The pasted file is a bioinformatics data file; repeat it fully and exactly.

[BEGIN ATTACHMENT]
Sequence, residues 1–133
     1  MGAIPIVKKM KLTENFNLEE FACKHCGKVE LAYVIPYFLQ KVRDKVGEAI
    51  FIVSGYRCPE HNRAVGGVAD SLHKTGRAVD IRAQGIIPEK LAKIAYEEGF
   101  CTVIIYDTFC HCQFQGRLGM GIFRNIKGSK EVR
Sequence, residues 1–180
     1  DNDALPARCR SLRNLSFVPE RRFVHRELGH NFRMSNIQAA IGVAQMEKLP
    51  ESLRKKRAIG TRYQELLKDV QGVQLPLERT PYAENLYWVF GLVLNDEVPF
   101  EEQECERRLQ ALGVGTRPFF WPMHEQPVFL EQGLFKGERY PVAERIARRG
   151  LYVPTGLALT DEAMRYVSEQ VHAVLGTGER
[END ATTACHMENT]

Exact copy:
Sequence, residues 1–133
     1  MGAIPIVKKM KLTENFNLEE FACKHCGKVE LAYVIPYFLQ KVRDKVGEAI
    51  FIVSGYRCPE HNRAVGGVAD SLHKTGRAVD IRAQGIIPEK LAKIAYEEGF
   101  CTVIIYDTFC HCQFQGRLGM GIFRNIKGSK EVR
Sequence, residues 1–180
     1  DNDALPARCR SLRNLSFVPE RRFVHRELGH NFRMSNIQAA IGVAQMEKLP
    51  ESLRKKRAIG TRYQELLKDV QGVQLPLERT PYAENLYWVF GLVLNDEVPF
   101  EEQECERRLQ ALGVGTRPFF WPMHEQPVFL EQGLFKGERY PVAERIARRG
   151  LYVPTGLALT DEAMRYVSEQ VHAVLGTGER